Should Russia shut down the internet after invading Ukraine?
Amid international sanctions, some wonder whether Russia should lose Internet access after Ukraine invades
The world, Both physical and digitalIt is an unprecedented time, as the conflict in Ukraine is raging. Megacorporations like Meta, Google and Apple, which have always presented themselves as neutral technology firms, are now said to be displaying their colors. In response to the invasion, politicians are banning their products in Russia.
Meanwhile, the Internet itself is changing for Russian users: Twitter and Facebook are blocked, TikTok prevents Russian users from uploading videos to its platform, and Messages about police officers allegedly stopping people on the street to see what they are seeing on their phones.
Now the question arises as to whether conflict can change only world geographyBut fundamentally change the nature of the internet.
Should Russia disconnect from the Internet?
The Ukrainian government has set aside separate tech firms to ask them to suspend their services in Russia as the list of tech companies refusing to do business or sell their products in the country is growing. Now Ukraine’s leaders and technical experts are calling for something stronger: to shut Russia off completely from the Internet.
The calls received an emphatic “no” from ICANN (Internet Corporation for Assigned Names and Numbers), which was responsible for managing the Internet. He was asked to revoke high-caliber Russian domains such as .ru as well as SSL certificates (Secure Socket Layers, or digital certificates as it is known in Spanish).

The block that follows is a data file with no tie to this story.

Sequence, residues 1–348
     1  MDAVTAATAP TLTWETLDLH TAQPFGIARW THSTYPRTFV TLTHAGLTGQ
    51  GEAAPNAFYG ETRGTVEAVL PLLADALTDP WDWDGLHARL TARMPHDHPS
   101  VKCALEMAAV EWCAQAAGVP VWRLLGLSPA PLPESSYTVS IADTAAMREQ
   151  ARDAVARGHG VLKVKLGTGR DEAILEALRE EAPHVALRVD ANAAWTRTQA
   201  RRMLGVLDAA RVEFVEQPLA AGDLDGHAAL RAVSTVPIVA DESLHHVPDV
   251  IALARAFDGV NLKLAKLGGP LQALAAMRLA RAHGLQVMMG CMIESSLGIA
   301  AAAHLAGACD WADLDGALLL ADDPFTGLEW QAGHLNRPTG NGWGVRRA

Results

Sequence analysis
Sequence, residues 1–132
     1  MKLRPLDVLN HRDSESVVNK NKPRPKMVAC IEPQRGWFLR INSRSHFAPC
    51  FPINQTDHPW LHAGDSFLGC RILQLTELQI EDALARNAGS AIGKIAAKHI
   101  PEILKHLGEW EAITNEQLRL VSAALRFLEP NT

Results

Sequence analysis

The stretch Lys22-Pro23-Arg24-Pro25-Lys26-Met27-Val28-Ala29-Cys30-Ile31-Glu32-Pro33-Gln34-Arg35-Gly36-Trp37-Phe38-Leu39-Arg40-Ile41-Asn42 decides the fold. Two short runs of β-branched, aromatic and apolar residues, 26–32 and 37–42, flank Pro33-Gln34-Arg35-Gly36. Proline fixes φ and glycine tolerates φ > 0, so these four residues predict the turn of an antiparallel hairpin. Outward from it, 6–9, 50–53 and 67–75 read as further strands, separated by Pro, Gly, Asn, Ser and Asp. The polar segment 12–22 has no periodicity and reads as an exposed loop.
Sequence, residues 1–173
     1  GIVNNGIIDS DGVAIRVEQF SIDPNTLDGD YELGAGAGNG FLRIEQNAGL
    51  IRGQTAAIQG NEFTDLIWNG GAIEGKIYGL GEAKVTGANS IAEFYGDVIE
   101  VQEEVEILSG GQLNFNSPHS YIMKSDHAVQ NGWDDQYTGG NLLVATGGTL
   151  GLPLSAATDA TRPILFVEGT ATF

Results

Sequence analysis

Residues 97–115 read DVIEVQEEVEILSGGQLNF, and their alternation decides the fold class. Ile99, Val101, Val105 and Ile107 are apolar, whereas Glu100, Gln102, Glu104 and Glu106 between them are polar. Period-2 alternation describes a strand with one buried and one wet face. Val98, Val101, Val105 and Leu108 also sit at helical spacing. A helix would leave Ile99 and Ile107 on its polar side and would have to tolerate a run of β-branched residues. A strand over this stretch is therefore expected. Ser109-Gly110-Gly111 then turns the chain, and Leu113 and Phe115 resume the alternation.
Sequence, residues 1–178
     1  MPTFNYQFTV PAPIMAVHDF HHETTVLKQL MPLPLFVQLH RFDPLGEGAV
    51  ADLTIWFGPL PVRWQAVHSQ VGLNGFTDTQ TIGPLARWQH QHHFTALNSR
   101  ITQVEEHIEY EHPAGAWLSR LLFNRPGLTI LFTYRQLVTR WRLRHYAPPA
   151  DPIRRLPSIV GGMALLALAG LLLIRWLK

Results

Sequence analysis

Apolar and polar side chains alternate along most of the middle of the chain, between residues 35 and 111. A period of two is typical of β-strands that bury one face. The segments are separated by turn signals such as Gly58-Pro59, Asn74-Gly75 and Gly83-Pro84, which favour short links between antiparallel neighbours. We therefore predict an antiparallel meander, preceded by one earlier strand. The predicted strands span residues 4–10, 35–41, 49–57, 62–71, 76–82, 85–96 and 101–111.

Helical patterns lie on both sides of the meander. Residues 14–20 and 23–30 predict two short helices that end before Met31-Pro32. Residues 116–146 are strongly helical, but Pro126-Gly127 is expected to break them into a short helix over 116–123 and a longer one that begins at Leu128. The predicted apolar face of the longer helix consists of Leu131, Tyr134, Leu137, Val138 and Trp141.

But in response to the corporation’s motto “One World, One Internet” and Ukraine’s Deputy Prime Minister Mikhail Fedorov, ICANN CEO Goran Marby said: “As part of our mission, we maintain neutrality and work to support the global Internet. Our mission does not extend to punitive measures, the imposition of sanctions or R.Restrict access to Internet segments, “Regardless of the type of provocation.”
The Digital Frontier Foundation (EFF) was one of the few organizations to support this position. In a statement, EFF’s Corinne Macsherry and Konstantinos Komaitis said the war was not a good time to “bother with the internet”.
They argued that interfering with Internet infrastructure protocols could have “dangerous far-reaching consequences.”
- Deprive people of the most powerful tool for sharing information
- Creating a dangerous precedent
- Compromise security and privacy
Cloudfare, a web infrastructure firm that offers protection against cyberattacks, has also received a request from Ukraine to cut off services to Russia. In a blog post, the firm said it had considered such requests, but concluded that “Russia needs More internetNo less. “
What is a splinternet And how does it work?
For many, calls to leave Russia without the Internet have slipped into what is known as “splinternet‘, A situation where each country has different versions of the Internet.
The China Great FirewallAs is well known, perhaps the clearest example of how a country can create its own website.
In Iran, content on the Internet is also controlled and external information is restricted through the state-owned Iranian Telecommunications Company.